India has a long tradition of free speech, and its tech savvy market is attractive for U.S. tech firms looking to expand. Although the Indian constitution protects certain rights to freedom of speech, it has restrictions. Expressions are banned that threaten “the sovereignty and integrity of India, the security of the State, friendly relations with foreign States, public order, decency or morality, or in relation to contempt of court, defamation or incitement to an offence.”
Even before the recent tensions between tech firms and the government, India was among the top nations in the world seeking to restrict online speech. From Jan. 1, 2020, to June 1, 2020, India was one of the top five countries asking Twitter to remove content.
For example, after violent protests on Jan. 26th involving farmers unhappy with new agricultural laws, the Modi government demanded Twitter block 500 accounts, including those of journalists, activists and opposition leaders. Twitter did so, and then eventually reversed course only to receive a noncompliance notice, according to a company statement.
Several Indian journalists faced charges of sedition over their reporting and online posts following the protest by farmers. Among them is the executive editor of the Caravan magazine, Vinod K. Jose and although his Twitter handle is currently active, it was withheld in India this year.
The government is also particularly sensitive about criticism of its handling of the coronavirus, asking that social media firms remove mention of the B.1617 variant as the “Indian variant.” In May, the government ordered social media firms to remove any mention of the Indian variant. The variant first reported in India is now called Delta, according to the World Health Organization.
Earlier this month, Twitter complied with a request from the government to block the Twitter account of Punjabi-born Jaswinder Singh Bains, alias JazzyB, a rapper. While Twitter informed him that he had been blocked for reportedly violating India’s Information Technology Act, he said he believes he was blocked for supporting the farmers in their protests, according to media reports.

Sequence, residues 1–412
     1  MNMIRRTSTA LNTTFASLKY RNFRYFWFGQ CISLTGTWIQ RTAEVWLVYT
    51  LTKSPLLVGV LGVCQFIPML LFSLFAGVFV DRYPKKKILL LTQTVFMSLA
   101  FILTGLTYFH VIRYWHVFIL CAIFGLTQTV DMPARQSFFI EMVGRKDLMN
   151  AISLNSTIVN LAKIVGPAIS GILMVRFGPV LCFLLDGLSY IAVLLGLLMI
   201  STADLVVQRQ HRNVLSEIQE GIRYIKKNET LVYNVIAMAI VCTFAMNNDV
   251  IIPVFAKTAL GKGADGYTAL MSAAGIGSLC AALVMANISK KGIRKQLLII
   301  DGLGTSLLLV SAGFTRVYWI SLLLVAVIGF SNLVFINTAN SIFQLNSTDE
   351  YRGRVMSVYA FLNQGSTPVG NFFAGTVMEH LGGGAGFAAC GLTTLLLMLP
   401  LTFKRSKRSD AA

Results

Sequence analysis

Jason Pielemeier, director of policy and strategy at the Global Network Initiative, an alliance of tech companies supporting freedom of expression online, wrote to the MeitY, calling attention to many issues with the new rules.
“Each of these concerns on its own can negatively impact freedom of expression and privacy in India,” he wrote. “Together, they create significant risk of undermining digital rights and trust in India’s regulatory approach to the digital ecosystem.”
Twitter isn’t the only tech firm affected by new laws. WhatsApp, the encrypted messaging app owned by Facebook, filed a lawsuit in May against the Indian government arguing that the new rules allow for “mass surveillance.” According to the lawsuit, the new rules are illegal and “severely undermine” the right to privacy of its users.
At issue for WhatsApp is that under the new rules, encryption would have to be removed, and according to The Guardian, messages would have to be in a “traceable” database.